My trip to a post-revolutionary Ukraine
March 4 (Tuesday at 20th-century museums and monuments)
I'm not very good with jet lag. It's why I don't like short trips to Europe or Asia. So something low-key was best for this day. And I was glad to have help getting my phone to work, since putting minutes on my SIM card took four tries in four places before it finally took. The connection was 2G, and the connectivity was a little questionable after momentarily losing it, e.g., in the subway. But, in spite of all that, it was very useful to have the Internet at my fingertips in a foreign land (and, as I'll explain later, fairly cheap, too).
I took the Metro to Arsenalna station; though the adjacent Dnipro station stands above the Dnieper, the height of the nearby slope means that Arsenalna might be the deepest Metro station in the world, depending on whom you believe. (North Korea has competing but unverified claims.) South of the city center, this is the station for several attractions, including a park containing memorials to Ukraine's greatest 20th-century tragedies. The war memorial, the northernmost of many in the area, has the Monument of Eternal Glory, marking their tomb of the unknown soldier, who died in WWII. Like those in other countries, this has an eternal flame, though this day it was barely visible in the fog. In addition to the unknown soldier are 34 named soldiers, whose tombstones lead up to the main monument.
Nearby is the Holodomor memorial and museum. The Holodomor was the mass-starvation of the Ukrainian SSR implemented by Stalin in 1932-1933. Ukrainian products were imported to Western Europe to fund the Soviet system, while the resistance and nationalism was crushed at home by not allowing food to enter. Figures aren't certain, but most estimates are that between two and ten million people died, the most-cited estimate being near four million. Cannibalism and eating leaves and weeds were rampant. An exhibition room lies under the memorial, with many details in English, though it's hard to pick out an exact narrative, since there's much about this mass starvation which still remains unknown. Also scattered throughout the room were photos from Euromaidan. It's not hard to make the connection here, both being examples of Moscow trying to control Ukraine via indiscriminate killing, with some level of obfuscation and plausible deniability.
I assumed that this uncertainty and deniability explained why the small, free exhibit, though chronological, was nevertheless not what I'd call "narrative"; it was somewhat difficult to follow what followed what and why. I later found that this was a feature of all Kyiv museums — long on detail, short on narrative.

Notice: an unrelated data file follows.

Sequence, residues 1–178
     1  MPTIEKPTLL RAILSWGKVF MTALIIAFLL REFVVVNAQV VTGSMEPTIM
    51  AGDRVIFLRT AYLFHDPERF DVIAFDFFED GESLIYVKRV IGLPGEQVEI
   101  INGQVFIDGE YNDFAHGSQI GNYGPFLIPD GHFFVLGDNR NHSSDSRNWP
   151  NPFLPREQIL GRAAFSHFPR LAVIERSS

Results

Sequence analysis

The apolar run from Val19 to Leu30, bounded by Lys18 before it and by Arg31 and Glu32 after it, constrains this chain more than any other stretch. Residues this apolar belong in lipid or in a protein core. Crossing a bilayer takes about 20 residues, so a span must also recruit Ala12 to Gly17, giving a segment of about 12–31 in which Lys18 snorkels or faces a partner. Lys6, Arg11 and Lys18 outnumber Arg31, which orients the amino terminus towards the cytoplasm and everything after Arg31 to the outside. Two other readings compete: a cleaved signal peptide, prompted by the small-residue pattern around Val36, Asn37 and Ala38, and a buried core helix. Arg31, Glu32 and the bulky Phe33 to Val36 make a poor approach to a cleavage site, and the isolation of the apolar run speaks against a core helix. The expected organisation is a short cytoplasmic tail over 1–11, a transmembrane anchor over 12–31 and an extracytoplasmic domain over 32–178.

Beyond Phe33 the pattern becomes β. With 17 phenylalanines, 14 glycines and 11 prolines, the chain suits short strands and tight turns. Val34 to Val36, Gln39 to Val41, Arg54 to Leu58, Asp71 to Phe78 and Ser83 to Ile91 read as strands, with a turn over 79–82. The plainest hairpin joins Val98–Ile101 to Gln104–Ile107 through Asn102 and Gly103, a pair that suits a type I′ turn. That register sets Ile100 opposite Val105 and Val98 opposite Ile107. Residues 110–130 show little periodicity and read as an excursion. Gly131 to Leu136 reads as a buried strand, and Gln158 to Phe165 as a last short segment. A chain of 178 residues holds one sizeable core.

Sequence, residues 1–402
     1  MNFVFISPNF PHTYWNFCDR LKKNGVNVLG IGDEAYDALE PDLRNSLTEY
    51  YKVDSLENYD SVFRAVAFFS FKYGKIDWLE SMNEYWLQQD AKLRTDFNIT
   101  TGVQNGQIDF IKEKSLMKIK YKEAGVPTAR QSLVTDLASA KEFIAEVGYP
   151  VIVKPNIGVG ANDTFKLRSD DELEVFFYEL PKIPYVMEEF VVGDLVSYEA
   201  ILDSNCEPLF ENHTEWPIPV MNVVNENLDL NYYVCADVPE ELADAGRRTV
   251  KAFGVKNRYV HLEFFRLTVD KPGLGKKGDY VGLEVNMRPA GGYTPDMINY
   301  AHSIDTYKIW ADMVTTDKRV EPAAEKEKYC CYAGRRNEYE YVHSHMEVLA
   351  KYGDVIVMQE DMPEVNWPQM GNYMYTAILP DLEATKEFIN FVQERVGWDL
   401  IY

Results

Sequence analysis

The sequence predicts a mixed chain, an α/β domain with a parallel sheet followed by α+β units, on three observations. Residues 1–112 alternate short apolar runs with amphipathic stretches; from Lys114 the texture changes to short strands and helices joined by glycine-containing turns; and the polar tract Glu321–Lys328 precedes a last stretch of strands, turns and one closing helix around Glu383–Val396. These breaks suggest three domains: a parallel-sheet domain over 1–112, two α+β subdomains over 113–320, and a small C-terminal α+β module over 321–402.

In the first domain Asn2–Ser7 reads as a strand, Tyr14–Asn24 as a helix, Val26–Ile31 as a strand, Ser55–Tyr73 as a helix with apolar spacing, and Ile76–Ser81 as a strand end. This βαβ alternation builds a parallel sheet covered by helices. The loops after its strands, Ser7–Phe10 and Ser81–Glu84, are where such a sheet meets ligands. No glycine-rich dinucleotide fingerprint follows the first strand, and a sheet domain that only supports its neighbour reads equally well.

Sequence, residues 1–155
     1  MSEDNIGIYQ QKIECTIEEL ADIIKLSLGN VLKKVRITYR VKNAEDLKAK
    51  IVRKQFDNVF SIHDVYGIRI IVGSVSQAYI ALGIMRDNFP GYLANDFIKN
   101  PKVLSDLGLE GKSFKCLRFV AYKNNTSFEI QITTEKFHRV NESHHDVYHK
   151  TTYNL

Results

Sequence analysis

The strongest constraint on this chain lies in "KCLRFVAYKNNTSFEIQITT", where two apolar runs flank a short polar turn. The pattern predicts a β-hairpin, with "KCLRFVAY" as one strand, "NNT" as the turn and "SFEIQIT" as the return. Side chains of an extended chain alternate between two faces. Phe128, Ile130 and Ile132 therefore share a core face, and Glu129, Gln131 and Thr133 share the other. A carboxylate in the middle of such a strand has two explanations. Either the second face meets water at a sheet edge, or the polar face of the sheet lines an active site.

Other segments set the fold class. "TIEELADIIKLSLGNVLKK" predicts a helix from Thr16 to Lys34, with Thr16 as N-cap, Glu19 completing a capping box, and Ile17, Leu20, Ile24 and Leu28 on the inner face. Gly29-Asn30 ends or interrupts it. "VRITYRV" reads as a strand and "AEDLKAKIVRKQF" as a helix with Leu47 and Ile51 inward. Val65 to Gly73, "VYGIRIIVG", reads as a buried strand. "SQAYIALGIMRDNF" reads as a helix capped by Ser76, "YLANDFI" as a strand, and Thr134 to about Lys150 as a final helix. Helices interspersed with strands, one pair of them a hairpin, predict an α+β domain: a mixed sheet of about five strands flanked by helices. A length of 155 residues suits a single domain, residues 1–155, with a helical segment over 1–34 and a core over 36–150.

From there I walked past the Lavra — the thousand-year-old religious complex — and to the war museum complex. There sat tanks, planes, anti-aircraft weaponry, and all sorts of other equipment used by Ukrainian SSR in Soviet wars. Most of these were in a small, outdoor annex to the main path, a path on which one could hear Soviet military music through speakers on each side. A tunnel of Soviet sculpture led to the WWII museum — the Museum of the Great Patriotic War — which was housed under a huge statue, the Motherland Monument. It was large enough to be visible throughout much of Kyiv, but, due to the fog, there were times at which I couldn't see even its head while right in front of it.
The museum itself had myriad artifacts and each room had a description in multiple languages of what was contained therein. If you knew Russian or Ukrainian, you could spend a whole day there looking at everything. With the data connection on my phone, I occasionally but slowly looked up what some things meant, such as the Soviet propaganda poster saying, "Fascism — that's war." And though I mostly refrained from doing that until I exited, even I, with my meager knowledge of Cyrillic and German, took longer than I might have expected, and was surprised to hear an announcement that the museum was closing, this when I hadn't yet finished the ground floor. I expected to be ushered out, but, thankfully, I was merely pointed to the upper floors; it seems they're less strict about closing time than their Western European counterparts. By the end, though, either jet lag or a day spent trying to read Cyrillic — or some combination thereof — had given me a huge headache.
Because by now I was far from any Metro station, I decided to walk down to and across the Dnieper. At first I was worried that there was no pedestrian walkway, but there was, a sidewalk between the oncoming traffic and the Soviet-era metalwork railing. The long bridge gave me time to notice license plates, and I noticed that they used only numbers and letters common to both Cyrillic and Latin alphabets. No "N"s or backwards "N"s. After crossing, I stopped at my first Ukrainian supermarket to get some things for Mila and myself. Mila later told me I'd gone to the "expensive" supermarket — its name actually translates to "banquet center" — though of course it wasn't expensive to me.